Arnall Golden Gregory LLP is pleased to provide you with the Compliance News Flash. This update is your source for timely background screening and immigration-related news that is important to your organization.

Just a reminder that Canada’s new mandatory breach notification law went into effect November 1, 2018. The Digital Privacy Act amended Canada’s Personal Information Protection and Electronic Documents Act (PIPEDA) to include a mandatory breach notification requirement. Earlier this year the Canadian government issued its Breach of Security Safeguards Regulations describing the reporting requirements, including enacting specific security safeguards and notifying Canada’s Privacy Commissioner if there is a data breach. Organizations that experience a data breach resulting in a “real risk of significant harm” must notify Canada’s Privacy Commissioner and affected individuals. Organizations must also keep records of every breach of security, regardless if there is “real risk of significant harm.” PIPEDA defines a data breach as a “loss of, unauthorized access to, or unauthorized disclosure of personal information resulting from a breach of an organization’s security safeguards or from a failure to establish those safeguards.”

  • The Department of Justice’s Immigrant and Employee Rights Section (IER) has been on an enforcement tear of late announcing multiple settlements with a hotel chain, cookie retailer, and a poultry processing company related to discrimination claims with respect to the employment eligibility verification form (the “Form I-9”). Violations are brought under the Immigration and Nationality Act (INA) for violations of the anti-discrimination provision. One settlement related to citizenship status discrimination against an asylee because he was removed from the hiring process because he was not a lawful permanent resident or U.S. citizen. Another settlement was because the employer required lawful permanent residents to provide specific documentation issued by the Department of Homeland Security to prove their work authorization, while not imposing this requirement on U.S. citizens. And finally, IER settled a longstanding case against an employer for allegedly routinely requiring work-authorized non-U.S. citizens to present a document issued by the Department of Homeland Security, such as a Permanent Resident Card or Employment Authorization Document, to prove their work authorization, but not requiring the same of U.S. citizens. All violations of the anti-discrimination provision of the INA.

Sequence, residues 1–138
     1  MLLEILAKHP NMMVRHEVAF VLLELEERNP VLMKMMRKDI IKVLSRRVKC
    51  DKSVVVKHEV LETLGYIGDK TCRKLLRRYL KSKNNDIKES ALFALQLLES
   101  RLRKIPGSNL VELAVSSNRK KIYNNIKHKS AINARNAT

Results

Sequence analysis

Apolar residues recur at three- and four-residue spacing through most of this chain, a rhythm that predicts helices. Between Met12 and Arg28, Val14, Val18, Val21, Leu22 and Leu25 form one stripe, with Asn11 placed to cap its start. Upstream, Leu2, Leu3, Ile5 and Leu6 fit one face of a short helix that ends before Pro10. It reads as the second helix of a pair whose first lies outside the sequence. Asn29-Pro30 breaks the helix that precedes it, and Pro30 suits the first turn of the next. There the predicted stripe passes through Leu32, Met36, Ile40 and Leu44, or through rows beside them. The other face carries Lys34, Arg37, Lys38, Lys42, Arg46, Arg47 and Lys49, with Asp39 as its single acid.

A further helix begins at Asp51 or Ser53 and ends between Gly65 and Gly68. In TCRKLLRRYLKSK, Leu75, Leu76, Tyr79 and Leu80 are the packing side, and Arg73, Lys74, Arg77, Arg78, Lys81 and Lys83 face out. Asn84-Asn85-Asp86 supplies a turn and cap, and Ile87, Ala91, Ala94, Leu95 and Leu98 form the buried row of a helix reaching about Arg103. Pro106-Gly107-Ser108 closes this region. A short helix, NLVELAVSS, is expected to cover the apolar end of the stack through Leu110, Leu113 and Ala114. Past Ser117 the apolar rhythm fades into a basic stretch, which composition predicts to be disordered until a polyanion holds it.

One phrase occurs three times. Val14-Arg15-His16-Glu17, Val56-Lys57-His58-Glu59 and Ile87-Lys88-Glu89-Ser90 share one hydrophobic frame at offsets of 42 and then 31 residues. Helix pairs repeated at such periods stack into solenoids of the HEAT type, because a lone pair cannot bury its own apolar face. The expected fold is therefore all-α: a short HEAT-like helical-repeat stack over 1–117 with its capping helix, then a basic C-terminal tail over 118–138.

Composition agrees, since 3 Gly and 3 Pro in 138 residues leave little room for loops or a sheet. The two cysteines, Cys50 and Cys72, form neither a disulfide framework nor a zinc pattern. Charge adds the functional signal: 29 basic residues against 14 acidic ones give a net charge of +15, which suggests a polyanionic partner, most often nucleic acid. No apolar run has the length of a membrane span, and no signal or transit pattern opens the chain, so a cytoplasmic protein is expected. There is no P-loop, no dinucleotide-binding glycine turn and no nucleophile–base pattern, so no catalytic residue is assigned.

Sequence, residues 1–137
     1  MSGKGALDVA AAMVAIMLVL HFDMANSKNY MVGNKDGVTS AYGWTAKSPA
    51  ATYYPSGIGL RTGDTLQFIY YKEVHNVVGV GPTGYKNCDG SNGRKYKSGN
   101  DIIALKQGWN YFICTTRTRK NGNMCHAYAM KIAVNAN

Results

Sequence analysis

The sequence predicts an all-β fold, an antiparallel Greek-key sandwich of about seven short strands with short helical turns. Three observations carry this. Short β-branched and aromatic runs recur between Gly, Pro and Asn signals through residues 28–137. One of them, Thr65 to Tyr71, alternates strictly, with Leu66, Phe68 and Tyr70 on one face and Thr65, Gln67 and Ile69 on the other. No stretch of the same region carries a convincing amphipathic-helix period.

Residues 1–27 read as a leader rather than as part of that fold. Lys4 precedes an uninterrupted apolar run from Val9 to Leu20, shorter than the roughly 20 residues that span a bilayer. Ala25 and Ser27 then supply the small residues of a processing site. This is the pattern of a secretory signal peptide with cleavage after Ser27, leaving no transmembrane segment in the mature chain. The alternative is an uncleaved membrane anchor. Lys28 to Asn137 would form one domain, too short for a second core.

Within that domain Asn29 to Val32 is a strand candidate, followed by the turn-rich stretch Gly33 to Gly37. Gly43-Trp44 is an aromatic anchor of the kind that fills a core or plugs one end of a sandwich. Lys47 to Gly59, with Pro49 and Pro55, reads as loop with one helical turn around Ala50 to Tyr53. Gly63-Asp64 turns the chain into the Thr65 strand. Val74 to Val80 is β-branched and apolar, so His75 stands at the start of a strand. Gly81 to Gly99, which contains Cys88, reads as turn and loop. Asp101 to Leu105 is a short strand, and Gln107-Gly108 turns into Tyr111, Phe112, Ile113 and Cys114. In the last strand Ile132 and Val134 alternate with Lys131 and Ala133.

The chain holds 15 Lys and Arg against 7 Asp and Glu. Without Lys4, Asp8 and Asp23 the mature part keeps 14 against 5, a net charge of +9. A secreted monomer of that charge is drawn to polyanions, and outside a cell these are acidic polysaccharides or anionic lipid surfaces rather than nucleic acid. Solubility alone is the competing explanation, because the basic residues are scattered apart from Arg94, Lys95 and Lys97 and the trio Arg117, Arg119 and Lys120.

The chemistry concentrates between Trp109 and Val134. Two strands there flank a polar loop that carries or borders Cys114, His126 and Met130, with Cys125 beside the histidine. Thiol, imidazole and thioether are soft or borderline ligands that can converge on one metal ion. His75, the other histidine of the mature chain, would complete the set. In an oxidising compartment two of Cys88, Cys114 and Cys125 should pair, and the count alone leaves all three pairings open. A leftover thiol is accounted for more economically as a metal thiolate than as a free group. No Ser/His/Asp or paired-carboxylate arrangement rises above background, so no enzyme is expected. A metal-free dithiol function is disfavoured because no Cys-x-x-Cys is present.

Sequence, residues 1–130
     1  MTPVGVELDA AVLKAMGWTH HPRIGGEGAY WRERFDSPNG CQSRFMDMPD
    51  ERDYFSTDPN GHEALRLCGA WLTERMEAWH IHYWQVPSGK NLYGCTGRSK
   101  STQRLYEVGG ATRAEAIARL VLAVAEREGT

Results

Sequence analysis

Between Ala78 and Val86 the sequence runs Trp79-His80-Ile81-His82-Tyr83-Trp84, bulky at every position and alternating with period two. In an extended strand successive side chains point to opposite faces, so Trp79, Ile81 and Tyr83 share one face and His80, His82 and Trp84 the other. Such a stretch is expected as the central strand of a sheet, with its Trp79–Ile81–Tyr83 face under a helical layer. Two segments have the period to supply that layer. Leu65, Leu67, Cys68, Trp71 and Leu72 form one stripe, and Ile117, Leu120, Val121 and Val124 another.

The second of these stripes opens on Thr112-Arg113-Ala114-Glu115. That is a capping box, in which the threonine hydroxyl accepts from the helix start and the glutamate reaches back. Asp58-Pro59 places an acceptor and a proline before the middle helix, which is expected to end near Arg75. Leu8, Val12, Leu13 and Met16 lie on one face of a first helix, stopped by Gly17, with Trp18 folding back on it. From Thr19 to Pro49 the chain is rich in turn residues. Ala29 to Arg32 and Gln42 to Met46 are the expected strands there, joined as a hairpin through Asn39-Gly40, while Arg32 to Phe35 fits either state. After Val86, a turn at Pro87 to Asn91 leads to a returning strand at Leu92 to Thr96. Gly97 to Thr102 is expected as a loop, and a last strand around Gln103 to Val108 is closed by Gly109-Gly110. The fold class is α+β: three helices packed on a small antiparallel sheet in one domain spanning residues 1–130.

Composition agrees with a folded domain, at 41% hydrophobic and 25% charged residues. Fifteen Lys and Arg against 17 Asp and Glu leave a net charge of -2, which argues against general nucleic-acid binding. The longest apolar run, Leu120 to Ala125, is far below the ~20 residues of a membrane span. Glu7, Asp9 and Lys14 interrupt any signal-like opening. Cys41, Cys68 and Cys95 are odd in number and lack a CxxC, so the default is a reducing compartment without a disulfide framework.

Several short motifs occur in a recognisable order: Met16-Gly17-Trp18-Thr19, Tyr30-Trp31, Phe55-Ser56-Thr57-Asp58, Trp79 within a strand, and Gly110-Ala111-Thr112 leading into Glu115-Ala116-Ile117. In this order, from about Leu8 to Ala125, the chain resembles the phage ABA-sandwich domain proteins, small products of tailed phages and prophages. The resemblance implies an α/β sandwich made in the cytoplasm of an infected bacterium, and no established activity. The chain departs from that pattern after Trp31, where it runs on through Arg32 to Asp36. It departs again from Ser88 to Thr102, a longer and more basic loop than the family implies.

• The U.S. District Court for the Southern District of California approved a $1.2 million settlement with two plaintiffs who claimed that Petco’s background check policies violated the Fair Credit Reporting Act in two ways. First, because they did not afford them the proper disclosure nor properly capture their authorization for the background check. And second, because Petco allegedly failed to provide the required pre-adverse action notice to applicants against whom it took an adverse action related to their employment and based on information in the background check report. The class-action lawsuit consisted of a class of approximately 37,000 job applicants between the two classes. To read more, click here. The lawsuit is Feist, et al. v. Petco Animal Supplies Inc., Case No. 3:16-cv-01369.
  • Local jurisdictions continue to enact Ban the Box ordinances and salary history bans, as well as issue regulations interpreting these laws. First stop, New York. Westchester County passed a law prohibiting employers from inquiring about an applicant’s criminal conviction or arrest record in employment applications. Suffolk County enacted a bill prohibiting employers and their agents from inquiring about job applicants’ wage or salary history during the hiring process. Next, we head to Oregon. Last month, the Oregon Bureau of Labor and Industries issued a Permanent Administrative Order for Oregon’s Equal Pay Act (OEPA), which are effective next month. The OEPA prohibits employers or prospective employers from seeking the salary history of an applicant or employee from the applicant or employee or a current or former employer of the applicant or employee. With all such ordinances and regulations, best to check the fine print to ensure compliance.
  • The Senate confirmed Kathy Kraninger to be the Director of the Bureau of Consumer Financial Protection. Kraninger will replace Acting Director Mick Mulvaney and will serve a five-year term.

If you have any questions or need assistance on any point raised in this Compliance News Flash please contact Montserrat Miller.

Montserrat C. Miller

She began her career as a trial attorney with the Immigration and Naturalization Service handling, among other cases, employer sanctions matters. Over the years Miller has worked in both private practice and on Capitol Hill as counsel to Senator Dianne Feinstein on the Senate Judiciary Committee. She is now a partner at Arnall Golden Gregory’s Privacy and Consumer Regulatory, Immigration and Global Migration, and Government and Regulatory practices. You can read more from her at her blog.